Summit County notebook: Council, others to continue online meetings; avalanche fences draw scrutiny; rodeo tickets offered for vaccinations | ParkRecord.com
YOUR AD HERE »

Summit County notebook: Council, others to continue online meetings; avalanche fences draw scrutiny; rodeo tickets offered for vaccinations

Avalanche paths above the Daybreak lift on the Canyons Village side of Park City Mountain Resort. The four paths in MacDonald Draw are slated for more than 200 avalanche fences to protect an access road for The Colony gated community. Opponents say the fences are unnecessary, threaten wildlife and spoil a pristine ridgeline.
Courtesy of Jake Hutchinson

Avalanche fences opposed

Advocates opposing the construction of hundreds of avalanche fences on the Park City ridgeline on Wednesday continued their quest to stop the project.

Seth Dromgoole once again appeared before the Summit County Council to ask officials to halt construction.

Officials have indicated they had no legal recourse to prevent the fences being built, as the permit allowing their use was approved in June and the 10-day appeal window has long since passed.



Vail Resorts is planning to install more than 200 avalanche fences to protect an access road leading to two home sites and a restaurant in The Colony gated community.

Summit County Community Development Director Pat Putt said he had been in talks with Vail Resorts and requested they reexamine the spacing of the fences and their placement.



Councilor Chris Robinson suggested the time was nearly running out and indicated he hoped something could be done to lessen the impacts cited by Dromgoole and others, including on the area’s wildlife and the appearance of the ridgeline.

“I’m very frustrated with this outcome because I do think that it has a pretty big impact that none of us knew about,” he said.

Councilors indicated that the time to prevent the fences was when the master agreement for the development was approved more than a decade ago.

Councilor Doug Clyde indicated it was difficult for county officials to revisit previous agreements, especially where they deal with issues of life and safety.

“I think what you’re seeing is a problem that simply occurs with changing values over decades. When that development agreement, … which is where you would’ve solved this problem, was initially approved, frankly the last thing that the public was concerned about was how they were going to cut their runs, what they were going to do with their wildlife, etc. It was all about, ‘Build this thing as fast as you possibly can.’ That was the approval,” Clyde said. “That was what the American Skiing Company came to the county with. And said if you can’t give us everything — this is way before my time, obviously, decades — if you can’t give us everything that we absolutely want, we’re not going to build you what was then probably a $100 million ski resort. The officials at the time decided that was the priority for the county.”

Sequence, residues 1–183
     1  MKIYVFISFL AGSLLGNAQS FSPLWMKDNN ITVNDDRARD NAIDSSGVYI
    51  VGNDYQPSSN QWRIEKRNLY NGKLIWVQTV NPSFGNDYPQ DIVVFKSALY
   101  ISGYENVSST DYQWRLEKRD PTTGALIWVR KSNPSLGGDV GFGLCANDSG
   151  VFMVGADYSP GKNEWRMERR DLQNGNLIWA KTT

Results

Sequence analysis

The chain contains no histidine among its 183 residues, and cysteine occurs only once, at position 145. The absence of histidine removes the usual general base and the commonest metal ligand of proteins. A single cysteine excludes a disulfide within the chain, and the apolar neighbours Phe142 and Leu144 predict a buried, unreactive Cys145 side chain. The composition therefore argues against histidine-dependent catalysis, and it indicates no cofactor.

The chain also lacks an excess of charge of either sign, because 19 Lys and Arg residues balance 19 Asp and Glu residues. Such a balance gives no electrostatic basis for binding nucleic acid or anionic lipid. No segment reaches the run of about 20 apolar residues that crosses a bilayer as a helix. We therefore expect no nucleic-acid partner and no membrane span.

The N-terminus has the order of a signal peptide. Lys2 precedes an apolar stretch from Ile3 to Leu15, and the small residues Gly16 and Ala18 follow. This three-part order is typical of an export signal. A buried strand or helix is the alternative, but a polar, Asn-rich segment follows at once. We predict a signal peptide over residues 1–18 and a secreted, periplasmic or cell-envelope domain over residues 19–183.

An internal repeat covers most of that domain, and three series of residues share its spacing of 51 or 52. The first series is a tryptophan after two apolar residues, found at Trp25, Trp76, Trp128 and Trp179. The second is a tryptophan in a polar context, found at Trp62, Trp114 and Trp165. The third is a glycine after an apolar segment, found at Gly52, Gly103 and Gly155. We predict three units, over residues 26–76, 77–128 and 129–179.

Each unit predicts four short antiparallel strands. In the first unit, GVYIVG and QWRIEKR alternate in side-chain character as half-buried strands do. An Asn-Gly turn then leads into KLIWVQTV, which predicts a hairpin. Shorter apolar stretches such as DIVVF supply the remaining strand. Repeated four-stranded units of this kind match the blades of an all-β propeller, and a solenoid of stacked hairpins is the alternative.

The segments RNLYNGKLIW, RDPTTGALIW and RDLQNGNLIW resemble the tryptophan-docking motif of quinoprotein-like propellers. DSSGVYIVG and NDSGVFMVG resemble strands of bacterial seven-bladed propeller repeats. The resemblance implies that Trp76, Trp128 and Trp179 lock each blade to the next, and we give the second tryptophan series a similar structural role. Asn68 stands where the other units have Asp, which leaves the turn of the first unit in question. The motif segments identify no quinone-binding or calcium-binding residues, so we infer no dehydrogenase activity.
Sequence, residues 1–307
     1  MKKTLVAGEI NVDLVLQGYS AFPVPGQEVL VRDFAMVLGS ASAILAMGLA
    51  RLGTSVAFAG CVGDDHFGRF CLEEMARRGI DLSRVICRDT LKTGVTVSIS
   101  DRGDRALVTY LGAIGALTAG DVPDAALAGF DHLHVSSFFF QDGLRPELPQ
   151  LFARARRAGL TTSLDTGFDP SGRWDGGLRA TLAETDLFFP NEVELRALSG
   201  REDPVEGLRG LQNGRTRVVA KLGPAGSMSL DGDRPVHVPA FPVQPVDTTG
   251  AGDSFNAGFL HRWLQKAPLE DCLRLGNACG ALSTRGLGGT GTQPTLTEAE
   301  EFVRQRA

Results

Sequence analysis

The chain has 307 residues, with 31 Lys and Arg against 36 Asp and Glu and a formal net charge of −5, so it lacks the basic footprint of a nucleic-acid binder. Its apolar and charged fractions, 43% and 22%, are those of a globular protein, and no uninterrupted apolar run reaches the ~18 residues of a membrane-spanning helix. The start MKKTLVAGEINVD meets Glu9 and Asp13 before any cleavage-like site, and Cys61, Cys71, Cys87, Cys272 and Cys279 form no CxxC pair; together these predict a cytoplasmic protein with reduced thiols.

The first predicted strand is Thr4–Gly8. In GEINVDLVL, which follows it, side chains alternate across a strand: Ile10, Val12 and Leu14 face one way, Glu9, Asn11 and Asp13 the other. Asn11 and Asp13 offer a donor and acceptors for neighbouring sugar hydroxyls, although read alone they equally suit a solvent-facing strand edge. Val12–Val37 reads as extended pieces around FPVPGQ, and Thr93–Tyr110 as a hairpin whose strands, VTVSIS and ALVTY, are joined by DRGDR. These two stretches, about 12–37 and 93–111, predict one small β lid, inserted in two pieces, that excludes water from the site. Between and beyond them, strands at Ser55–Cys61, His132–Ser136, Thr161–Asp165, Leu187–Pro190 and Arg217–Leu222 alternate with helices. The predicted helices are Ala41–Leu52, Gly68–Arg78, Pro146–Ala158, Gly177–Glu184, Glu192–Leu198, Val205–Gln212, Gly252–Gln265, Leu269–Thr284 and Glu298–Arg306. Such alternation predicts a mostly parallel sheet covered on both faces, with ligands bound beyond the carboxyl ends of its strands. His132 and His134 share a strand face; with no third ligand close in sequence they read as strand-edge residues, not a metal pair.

Virtual meetings to continue

The Summit County Council on Wednesday passed a resolution allowing it to continue meeting virtually even as pandemic-related health restrictions continue to lessen.

Councilors unanimously supported the proposal.

The resolution applies to “any and all agencies, commissions, boards, committees, etc. of Summit County that are public bodies,” but does not include special service districts. That means that planning commissions may be included, while subsidiaries like the Snyderville Basin Recreation District would need to pass resolutions of their own.

The resolution allows for officials to participate electronically as long as the notice announcing the meeting indicates the meeting will be held electronically.

A quorum must still be present, but attendance can be counted virtually or in-person. Officials indicated the council would hold its first hybrid public meeting June 2. Hybrid meetings would feature some members present in person while others attend online.

Officials have said meeting virtually has increased public participation and indicated a desire to maintain the practice.

“It will be a lot safer for us if there’s a blizzard on a Wednesday in the winter, also,” Council Chair Glenn Wright said.

Possible vaccine side effect: rodeo tickets

Participants in a COVID-19 vaccine clinic in Kamas on Saturday were to be entered into a drawing to win tickets to popular summertime events, including the Oakley Rodeo.

The clinic was scheduled to run from noon to 8 p.m. Saturday, May 22, at the Kamas City Building, 170 N. Main St.

According to Summit County, vaccines manufactured by Pfizer would be made available to those aged 12-17 and the vaccine manufactured by Johnson & Johnson would be available to those 18 and older.

The vaccine was to be offered for free, and appointments were not required.

Everyone who received a vaccine would be entered into an opportunity drawing to win the following prizes:

Two sets of four tickets to the Oakley Rodeo

Two sets of four tickets to Kamas Fiesta Days Bull Wars

Three sets of four tickets to the Summit County Fair Demolition Derby

Three sets of four tickets to the Francis Frontier Days Rodeo


Support Local Journalism

Support Local Journalism

Readers around Park City and Summit County make the Park Record's work possible. Your financial contribution supports our efforts to deliver quality, locally relevant journalism.

Now more than ever, your support is critical to help us keep our community informed about the evolving coronavirus pandemic and the impact it is having locally. Every contribution, however large or small, will make a difference.

Each donation will be used exclusively for the development and creation of increased news coverage.